The Single Responsibility Principle

A class should have one, and only one, reason to change.


The Open Closed Principle

You should be able to extend a classes behavior, without modifying it.


The Liskov Substitution Principle

Derived classes must be substitutable for their base classes.


The Interface Segregation Principle

Make fine grained interfaces that are client specific.


The Dependency Inversion Principle

Depend on abstractions, not on concretions.


This are the class principles. Please follow the link to get the packages and coupling principles.

Monday, January 18, 2010

Leap Year

Every now and then I find someone that still believes leap days come in 4 year cycles, no exception made. Some of them are even programmers that never had to implement a leap year algorithm:

    public static class DateUtils
public static bool IsLeapYear(this int year)
return (year % 400 == 0) || ((year % 4 == 0) && (year % 100 != 0));


I used to get quite nervous with the fact, but not anymore. Why? This just doesn’t impact on today’s every days life :) Let me try and prove it to you:

            foreach (
var year in
Enumerable.Range(1582, 1500)
.Where(d => (d % 4 == 0) && d.IsLeapYear() == false)
Console.WriteLine("{0}", year);

So what am I getting? On the first 1500 years since the Gregorian calendar as defined the present algorithm, which of these 4 year cycles weren’t leap years?



Oops, it seems like no one I know was born of probably be alive on those days, who cares? “Press any key to continue”: yeap, seems right :)

1st Workshop “Internet of Things”

Yesterday we had our first Workshop on “Internet of Things”. This workshops joins Link consultants and Instituto Superior Técnico M.Sc. and PhD students on a series of state-of-the-art and business presentations. The areas of interest are RFID, logistics and enterprise information systems.

One of the presented projects was my current I&D project: rfrbNET: RFID track & trace federated network.

Sunday, January 17, 2010

Shutter count on EOS

Here’s a cool utility: EOSInfo.

I’ve only used it on EOS 50D and it works. I’ll have to install a driver on my Windows 7 x64 so I can use it against my old 10D – I’m curious to know it counts camera or shutter cycles. If I could choose, I’d definitely go for shutter – I buy shutters like most people buy printer tonners :)

Geotagging photos

Bilora photo-geotaggerI’ve been trying to geotag my photos using my PDA so I can cross-reference them by date. Though the process works it wastes by PDA’s battery on something like 1 1/2 hours.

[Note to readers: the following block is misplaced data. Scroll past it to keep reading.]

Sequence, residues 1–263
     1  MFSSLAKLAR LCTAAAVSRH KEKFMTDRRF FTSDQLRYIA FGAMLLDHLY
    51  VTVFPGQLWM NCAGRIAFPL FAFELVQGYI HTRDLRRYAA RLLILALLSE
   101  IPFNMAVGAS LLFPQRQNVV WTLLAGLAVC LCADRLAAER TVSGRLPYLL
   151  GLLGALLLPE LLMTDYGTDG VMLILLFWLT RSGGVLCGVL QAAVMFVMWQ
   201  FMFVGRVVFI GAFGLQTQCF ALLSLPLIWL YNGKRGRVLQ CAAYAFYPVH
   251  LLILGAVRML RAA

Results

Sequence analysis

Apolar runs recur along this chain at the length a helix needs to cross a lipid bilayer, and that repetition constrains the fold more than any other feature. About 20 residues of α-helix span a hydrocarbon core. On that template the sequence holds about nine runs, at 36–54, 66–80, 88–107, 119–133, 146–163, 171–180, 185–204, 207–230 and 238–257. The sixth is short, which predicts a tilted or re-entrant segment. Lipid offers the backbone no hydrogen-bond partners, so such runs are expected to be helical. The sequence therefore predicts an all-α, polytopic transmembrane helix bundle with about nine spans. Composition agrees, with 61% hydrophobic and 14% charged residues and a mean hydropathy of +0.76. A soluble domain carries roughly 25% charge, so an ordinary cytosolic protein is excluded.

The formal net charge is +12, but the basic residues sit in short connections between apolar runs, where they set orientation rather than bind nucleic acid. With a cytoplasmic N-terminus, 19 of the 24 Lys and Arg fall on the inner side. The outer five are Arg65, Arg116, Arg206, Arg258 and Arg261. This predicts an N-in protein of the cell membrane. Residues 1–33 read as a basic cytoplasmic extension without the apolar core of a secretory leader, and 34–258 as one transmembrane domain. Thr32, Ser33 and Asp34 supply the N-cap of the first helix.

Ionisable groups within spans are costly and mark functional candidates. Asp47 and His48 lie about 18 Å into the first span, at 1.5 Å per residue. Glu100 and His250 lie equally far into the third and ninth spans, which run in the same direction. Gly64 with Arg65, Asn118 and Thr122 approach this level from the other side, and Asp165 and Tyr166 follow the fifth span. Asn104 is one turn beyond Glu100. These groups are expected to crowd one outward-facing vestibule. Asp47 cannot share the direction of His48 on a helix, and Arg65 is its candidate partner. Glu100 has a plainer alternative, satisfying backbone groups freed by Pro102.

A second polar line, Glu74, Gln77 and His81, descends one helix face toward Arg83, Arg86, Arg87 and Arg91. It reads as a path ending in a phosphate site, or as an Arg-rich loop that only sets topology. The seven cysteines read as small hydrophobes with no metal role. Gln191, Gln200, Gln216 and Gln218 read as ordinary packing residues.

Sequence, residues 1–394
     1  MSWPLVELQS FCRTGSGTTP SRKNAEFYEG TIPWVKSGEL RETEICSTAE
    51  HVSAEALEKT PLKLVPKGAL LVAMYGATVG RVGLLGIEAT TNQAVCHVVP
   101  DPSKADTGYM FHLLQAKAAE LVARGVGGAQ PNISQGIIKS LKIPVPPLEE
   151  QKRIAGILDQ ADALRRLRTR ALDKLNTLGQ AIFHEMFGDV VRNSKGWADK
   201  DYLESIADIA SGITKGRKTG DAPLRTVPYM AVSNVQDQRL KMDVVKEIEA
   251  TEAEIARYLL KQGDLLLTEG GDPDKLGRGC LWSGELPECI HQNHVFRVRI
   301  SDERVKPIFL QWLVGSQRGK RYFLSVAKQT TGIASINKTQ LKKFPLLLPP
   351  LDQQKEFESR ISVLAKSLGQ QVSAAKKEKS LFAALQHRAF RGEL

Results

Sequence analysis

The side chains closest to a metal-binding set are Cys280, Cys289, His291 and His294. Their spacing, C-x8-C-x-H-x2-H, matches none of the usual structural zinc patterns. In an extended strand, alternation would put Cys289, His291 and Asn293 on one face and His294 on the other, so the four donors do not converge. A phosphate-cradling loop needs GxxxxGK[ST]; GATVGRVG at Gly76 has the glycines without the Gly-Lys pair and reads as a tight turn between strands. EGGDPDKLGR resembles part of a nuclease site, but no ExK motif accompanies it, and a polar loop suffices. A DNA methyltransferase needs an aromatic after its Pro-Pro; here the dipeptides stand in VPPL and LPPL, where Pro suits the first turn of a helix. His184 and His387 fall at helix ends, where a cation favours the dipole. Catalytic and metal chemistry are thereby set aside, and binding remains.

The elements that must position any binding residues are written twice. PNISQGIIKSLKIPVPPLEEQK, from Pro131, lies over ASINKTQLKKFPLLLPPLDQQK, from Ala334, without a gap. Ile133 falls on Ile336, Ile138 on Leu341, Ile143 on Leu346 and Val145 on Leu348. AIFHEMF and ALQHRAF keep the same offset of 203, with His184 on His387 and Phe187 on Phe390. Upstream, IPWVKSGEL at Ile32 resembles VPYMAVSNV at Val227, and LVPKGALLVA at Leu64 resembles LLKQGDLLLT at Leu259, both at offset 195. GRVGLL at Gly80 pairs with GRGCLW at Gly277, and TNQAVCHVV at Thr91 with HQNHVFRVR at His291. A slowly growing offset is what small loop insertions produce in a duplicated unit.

A friend of mine is trying a cool new system: u-blox:

u-blox’ patented GPS Capture & Process technology enables mobile products to instantly capture a location using just a few millijoules of power. This is especially attractive for applications such as photo geotagging for cameras and camera accessories where users just want to point and shoot, and not waste precious time and battery power waiting for a conventional GPS position fix. The concept can easily be extended to ultra-low power position loggers that can record position data for months without recharging.

How it works
In contrast to real-time GPS receivers which can take an unacceptably long time to establish a position fix, GPS Capture & Process captures location data in a fraction of a second. It achieves this by separating the GPS signal capture and subsequent processing into two distinct steps:

  1. Capture: the raw output of an embedded GPS front-end is digitally captured and stored locally, for example in a camera’s memory each time a photo is taken.
  2. Process: when uploading photos for storage, u-Blox PC or Mac software also uploads the raw capture data and timestamp associated with each photo. With the help of u-blox’ online satellite positional data service, the raw data is quickly converted into a position fix.

The benefits to camera and logger manufacturers are clear:

  • Ultra-fast location capture: GPS signal data is captured on-demand in less than 200 ms – no waiting for acquisition of satellite orbital data necessary. Point and shoot performance!
  • Extremely low power solution: the GPS radio is on for a small fraction of a second per capture resulting in a negligible impact on battery life.
  • Fast time-to-market: complete end-to-end, globally available and reliable online geotagging and reverse geocoding service is available now.
  • Fast PC processing: geotagging and reverse-geocoding software and online service is optimized for Windows (XP, Vista and 7) and Mac and can typically compute a position fix from a capture in 0.4s per photo.

The system can work synced with the flash or operated manually. The online satellite positional data service is provided by u-blox, so this can be a problem the day they shut it down… and no, we can’t use it with a flash (I’m guessing this one…).